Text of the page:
Reading the Lees
To build these piles, not difficult at all
If damp and chance and practice will conspire,
I set the claw-foot tines down in the fall—
That time my town forbids the use of fire—
And drag, as if a bird scratching for feed,
Then with a virtuoso's flippant skill
Born out of nothing half so dull as need,
Process to hustle leaves onto a hill.
It grows by dint of half-a-forearm's twist.
The rustling oaks and wads of maples thick
As bank notes mount and mount, it's in the
The heavy, expert use of it to flick
These butcher-paper-brown and yellow packs
Up high and higher, higher still, until
They start to look like hay in Monet stacks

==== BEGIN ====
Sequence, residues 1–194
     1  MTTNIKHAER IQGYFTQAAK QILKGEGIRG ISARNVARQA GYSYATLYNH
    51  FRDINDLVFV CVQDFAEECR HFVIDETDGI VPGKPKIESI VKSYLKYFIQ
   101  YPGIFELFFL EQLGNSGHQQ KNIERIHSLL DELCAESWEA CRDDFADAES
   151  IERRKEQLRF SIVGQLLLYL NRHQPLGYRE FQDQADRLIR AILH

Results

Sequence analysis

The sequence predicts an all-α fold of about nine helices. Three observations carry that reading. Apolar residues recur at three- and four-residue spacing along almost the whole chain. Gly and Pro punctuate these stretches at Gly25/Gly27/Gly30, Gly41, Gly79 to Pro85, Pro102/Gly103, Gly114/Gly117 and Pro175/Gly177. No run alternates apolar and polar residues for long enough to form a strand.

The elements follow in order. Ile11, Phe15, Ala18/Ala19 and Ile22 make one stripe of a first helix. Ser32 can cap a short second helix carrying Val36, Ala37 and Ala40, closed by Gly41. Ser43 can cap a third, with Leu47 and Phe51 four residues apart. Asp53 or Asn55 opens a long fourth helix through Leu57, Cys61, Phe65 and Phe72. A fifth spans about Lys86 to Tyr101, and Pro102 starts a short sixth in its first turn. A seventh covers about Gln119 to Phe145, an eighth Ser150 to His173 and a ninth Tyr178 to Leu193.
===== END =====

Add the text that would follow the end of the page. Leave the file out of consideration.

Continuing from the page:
The farm hands build in Frost. So, with a
And arm, those leaves are tossed that long have
In sodden strata, mulch re-thatched in heaps.
The tannic acids that have left their stain
On paving stones take hold in sun that steeps
Them in their rotting molds and potpourris
Of Indian summer. Now I long to smoke
And smell this autumn's simmering of teas
So richer than the summer's, one might choke.
But these are other times and other falls
The winds have driven down. I mind the law
The way I mind the lawn, as labor calls
Me from my past and from that sense of awe
Once everyone would own to: smells so
And sweet and pungent they'd intoxicate
With incense in ascent in braids of long
Grey steam. But that was then; it is too
By half by now to sacrifice the leaves
To late November gods who are not there.
I think of tall brown penny rolls of sheaves,
Then drink the last lost brew that scents the
2001; originally printed in The Comstock Review.
Reprinted by permission of the author.